After three Highlands resorts had their hot tub facilities closed, owners say Ontario’s hot tub regulations unfairly target small operations in the Highlands.

In July, the Haliburton, Kawartha Lakes, Pine Ridge District Health Unit (HKPR) issued orders to close multiple hot tubs at Buttermilk Falls Resort, Sandy Lanes Resort and Lakeview Motel and Resort.

Richard Ovcharovich, a manager with the health unit, said the Ontario Building Code and Ontario Regulation 565 Public Pools “do not permit the use of private backyard domestic spas (whirlpools) to be used at hotels, travel accommodations or resorts that have six or more units or suites.”

The regulations have been in place for decades but were updated in 2018, mandating these whirlpools be equipped with timing devices, have no food or beverages close by, are made inaccessible outside of a daily use period and have a landline phone nearby, even if they are only accessed by residents of the suite. All three resorts have had hot tubs in operation since before 2018.

“We’ve had hot tubs on this property for over a decade and nobody has ever gotten injured or gotten sick as a result of these tubs,” said Stephen Orr of Buttermilk Falls Resort.

Private tubs ‘main attractions’ at motel

In a written document outlining his concerns, Orr wrote: “With no outreach, no warning, no education program, and most importantly no new health and safety related issues, the resorts are being told to shut down an important revenue stream, one that they have used safely for literally decades. Coming into compliance would be prohibitively expensive for any small business, and as a result they are closing down a critical feature of our business with no practical way of reopening, for no health and safety related reason. This is completely unfair.”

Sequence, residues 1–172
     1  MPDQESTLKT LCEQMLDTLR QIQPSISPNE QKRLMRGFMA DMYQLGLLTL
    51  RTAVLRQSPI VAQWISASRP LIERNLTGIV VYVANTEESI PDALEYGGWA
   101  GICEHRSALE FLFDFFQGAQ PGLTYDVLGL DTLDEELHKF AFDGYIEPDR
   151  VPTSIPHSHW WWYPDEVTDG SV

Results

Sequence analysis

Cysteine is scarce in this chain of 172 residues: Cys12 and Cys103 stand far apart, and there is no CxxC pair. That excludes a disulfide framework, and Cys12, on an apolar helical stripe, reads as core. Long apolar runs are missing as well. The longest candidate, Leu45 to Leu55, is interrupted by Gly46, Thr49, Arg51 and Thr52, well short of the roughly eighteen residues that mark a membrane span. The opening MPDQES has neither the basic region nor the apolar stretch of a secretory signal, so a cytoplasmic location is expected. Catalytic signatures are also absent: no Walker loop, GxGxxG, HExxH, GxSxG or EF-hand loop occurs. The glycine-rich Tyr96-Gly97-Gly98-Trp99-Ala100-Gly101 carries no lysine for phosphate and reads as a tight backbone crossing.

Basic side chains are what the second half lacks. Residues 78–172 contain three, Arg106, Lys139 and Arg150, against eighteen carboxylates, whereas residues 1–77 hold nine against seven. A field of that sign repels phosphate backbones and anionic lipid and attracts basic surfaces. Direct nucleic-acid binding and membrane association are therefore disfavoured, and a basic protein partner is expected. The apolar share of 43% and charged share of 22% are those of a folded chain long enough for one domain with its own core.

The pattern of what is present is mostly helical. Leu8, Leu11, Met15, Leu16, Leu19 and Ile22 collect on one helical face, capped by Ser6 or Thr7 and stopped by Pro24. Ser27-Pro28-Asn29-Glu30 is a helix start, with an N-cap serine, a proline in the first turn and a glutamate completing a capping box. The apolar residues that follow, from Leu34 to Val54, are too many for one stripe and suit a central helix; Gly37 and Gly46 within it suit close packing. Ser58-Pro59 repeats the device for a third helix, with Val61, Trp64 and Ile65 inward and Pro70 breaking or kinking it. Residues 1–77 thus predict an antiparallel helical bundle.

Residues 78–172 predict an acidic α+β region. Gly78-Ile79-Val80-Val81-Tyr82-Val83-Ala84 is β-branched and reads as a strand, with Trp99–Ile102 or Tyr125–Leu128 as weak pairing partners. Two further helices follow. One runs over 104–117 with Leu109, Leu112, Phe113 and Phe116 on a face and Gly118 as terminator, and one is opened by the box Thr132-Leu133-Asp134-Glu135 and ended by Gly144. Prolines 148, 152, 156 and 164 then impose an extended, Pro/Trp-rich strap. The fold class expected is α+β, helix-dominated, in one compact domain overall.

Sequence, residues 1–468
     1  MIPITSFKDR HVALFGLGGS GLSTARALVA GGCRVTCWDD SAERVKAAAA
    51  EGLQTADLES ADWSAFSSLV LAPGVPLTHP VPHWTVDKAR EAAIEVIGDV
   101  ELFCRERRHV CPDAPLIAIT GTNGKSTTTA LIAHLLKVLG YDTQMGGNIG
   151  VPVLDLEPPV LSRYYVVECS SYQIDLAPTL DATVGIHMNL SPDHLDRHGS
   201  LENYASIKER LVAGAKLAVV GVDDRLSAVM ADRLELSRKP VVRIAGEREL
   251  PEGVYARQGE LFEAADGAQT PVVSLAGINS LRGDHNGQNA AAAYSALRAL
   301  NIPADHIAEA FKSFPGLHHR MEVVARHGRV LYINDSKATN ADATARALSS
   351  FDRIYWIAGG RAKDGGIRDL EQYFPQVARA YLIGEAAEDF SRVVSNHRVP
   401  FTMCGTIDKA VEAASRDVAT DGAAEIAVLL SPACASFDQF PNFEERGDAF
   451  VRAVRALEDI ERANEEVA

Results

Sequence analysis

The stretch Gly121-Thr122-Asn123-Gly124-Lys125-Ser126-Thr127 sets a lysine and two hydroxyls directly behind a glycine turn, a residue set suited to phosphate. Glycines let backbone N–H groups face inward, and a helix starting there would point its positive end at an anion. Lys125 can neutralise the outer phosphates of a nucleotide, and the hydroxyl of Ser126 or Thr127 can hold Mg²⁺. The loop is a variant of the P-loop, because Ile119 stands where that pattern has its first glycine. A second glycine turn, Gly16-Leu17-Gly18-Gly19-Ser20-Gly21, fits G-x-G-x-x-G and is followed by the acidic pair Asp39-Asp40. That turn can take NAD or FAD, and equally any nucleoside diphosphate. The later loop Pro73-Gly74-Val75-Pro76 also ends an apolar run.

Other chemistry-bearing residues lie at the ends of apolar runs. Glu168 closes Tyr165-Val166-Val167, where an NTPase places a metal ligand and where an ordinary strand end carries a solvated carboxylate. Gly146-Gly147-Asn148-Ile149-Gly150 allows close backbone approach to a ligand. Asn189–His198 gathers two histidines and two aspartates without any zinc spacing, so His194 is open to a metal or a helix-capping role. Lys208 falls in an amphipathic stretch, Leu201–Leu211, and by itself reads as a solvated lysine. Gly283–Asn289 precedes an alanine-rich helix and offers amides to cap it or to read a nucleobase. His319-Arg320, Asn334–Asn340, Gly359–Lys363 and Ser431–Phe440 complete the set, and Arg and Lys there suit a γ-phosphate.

Ovcharovich said “no compliance period was granted as these specific spas were missing many of the required safety features and they were not being maintained accordingly… The orders were issued as the public health inspector deemed these spas as being a health hazard and the direction was necessary to eliminate the health hazard.”

Ovcharovich said multiple infractions meant the closures were necessary, including no chemistry records being taken, water chemistry not being balanced, the units not having emergency stop buttons and missing safety signage.

The enforcement of the regulation in Haliburton County seems to have been sparked by a July inspection of Lakeview Motel in Haliburton. After coming to the property on another matter, inspectors returned to close the motel’s hot tubs used by private rooms. Lakeview Motel appealed the decision, which was then upheld by the Health Services Appeal and Review Board.

“Our hot tubs are one of the main attractions,” said co-owner of Lakeview Motel Harsha Manani.

She said the hot tubs have been in operation at the motel for years. Staff drain and refill each room’s hot tub after each use.

Orr said the regulation is unrealistic for private hot tubs, including having no food or drink nearby, closing the hot tub after use at night or installing landline phones in each unit.

“Everybody we’ve talked to outside of the health unit has said.. there’s no way this should be applied this way,” said Orr. He said multiple guests who have come to expect use of hot tubs over the years have voiced disappointment.

Orr said he’s spoken with resort operators in districts such as Muskoka and Hasting Highlands. In both cases, he said operators claimed they had not heard of this regulation being enforced, even though it is an Ontariowide regulation.

HKPR staff are responsible for enforcement of the regulation in this area.

Ovcharovich said these rules have been enforced outside of Haliburton County. He said the inspections are investigated on a complaint basis.

At all three resorts, private hot tubs have been in use for decades. Orr and Manani estimate the loss of their private hot tubs will cost them tens of thousands of dollars in missed revenue.

“I take in phone calls and emails, and I hear guests upset and disappointed,” said Manani.

Orr wrote: “The best way forward is to work to amend the regulation in a manner that would allow the resorts to go back to operating their hot tubs as they have done in the past, either by clarifying the regulation to exclude portable hot tubs entirely.”